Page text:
Lately I’ve been hooked on watching “What Not to Wear” on TLC, hosted by style gurus Stacy London and Clinton Kelly.
How the show works: Friends and relatives nominate a chronically fashion-challenged friend who’s ambushed by Stacy and Clinton who hand her a Visa card worth $5,000 with her name on it to spend on a new wardrobe in New York City.
The catch: The woman has to hand over everything in her closet and agree to follow Stacy and Clinton’s shopping “rules.” (Also, she gets her hair done over by Nick Arrojo and a make up makeover by Carmindy Acosta.)
Before that, everyone watches secret footage of the woman wearing her hideous clothes. One woman liked to wear a raccoon tail pinned to the rump of her too-tight pants everywhere she went.
Most of the women jump at the opportunity to spend $5,000 on themselves, but when they arrive in New York they often have second thoughts, especially as Stacy and Clinton start tossing their clothes in the trash can.
Almost all the women get pretty defensive as they lobby to keep some of their favorite things. They cry to hold onto ratty jackets. One woman who made sweaters out of rabbit and horse hair contended, “Since I know the animals’ names, I should keep the sweaters.”
They wrestle Clinton for a skirt or sweatshirt or try to bargain with Stacy, to no avail.
After all the fashion victim’s clothes are thrown away, Stacy and Clinton show her mannequins wearing complete outfits using pieces best suited for the woman’s build and coloring, and they explain what they want her to choose during a two-day shopping spree.
Next, a film crew follows the woman as she shops, capturing her angst and her mostly bad clothing choices. Meanwhile, Stacy and Clinton watch via hidden camera, making comments, adding entertaining snark but also offering insight on why things are or aren’t suited for the woman.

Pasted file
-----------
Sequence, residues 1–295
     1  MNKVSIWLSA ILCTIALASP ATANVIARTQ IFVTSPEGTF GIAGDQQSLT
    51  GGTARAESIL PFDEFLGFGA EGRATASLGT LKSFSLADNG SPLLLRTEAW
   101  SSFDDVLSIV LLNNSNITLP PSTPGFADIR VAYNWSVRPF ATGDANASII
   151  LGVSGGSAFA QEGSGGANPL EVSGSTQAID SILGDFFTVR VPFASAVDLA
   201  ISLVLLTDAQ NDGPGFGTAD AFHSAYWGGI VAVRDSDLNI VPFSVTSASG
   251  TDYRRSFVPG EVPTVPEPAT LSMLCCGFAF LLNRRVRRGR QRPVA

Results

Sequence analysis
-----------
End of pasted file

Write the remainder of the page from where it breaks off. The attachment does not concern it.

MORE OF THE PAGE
They also comment on the woman’s strong points and say things like, “Doesn’t she see how beautiful she is?” and “Why does she want to hide that body underneath too big clothes?”
On the second shopping day, Stacy and Clinton “surprise” the woman mid-shopping and help her spend the rest of her $5,000, building a wardrobe out of basic pieces that fit and flatter.
Many of the women are so used to wearing thrift store finds and hand me downs that they balk at spending so much money.
By the end of day two, the women start feeling more confident and they begin to realize that their old wardrobes and all that they represent as far as how they feel about themselves and who they, indeed, are as individuals, aren’t worth what they had once thought.
When it comes time for the hair and make up, generally the women have little fight in them. They see that change is good in the hands of people who care and have great skill.
The show ends with the glowing, transformed women returning home to a big “reveal” party with the same people who originally nominated them as bad dressers and everybody screams with joy.
What strikes me most about the show is how fiercely the women fight to hold on to their old ways. Even those who say they want change get angry and cry. It’s hard to let go of things you equate with who you are.
But in the end, even the most rebellious say they never want to go back to the way they were.
It’s a frivolous show, but not really. It’s really about potential, restoration and transformation, and it reminds me of how often, as God sets about changing my life, making me better, I cry because I want to keep on wearing a raccoon tail pinned to my rear and hold onto a life that’s basically rags.
I fear change and forget that the end result is a better, happier me.
God isn’t mean when he takes away our raccoon tails. He’s out to give us dignity and restore us to who we were created to be, bearers of his likeness.
The process is often painful, but the result, the big reveal, is always worth it.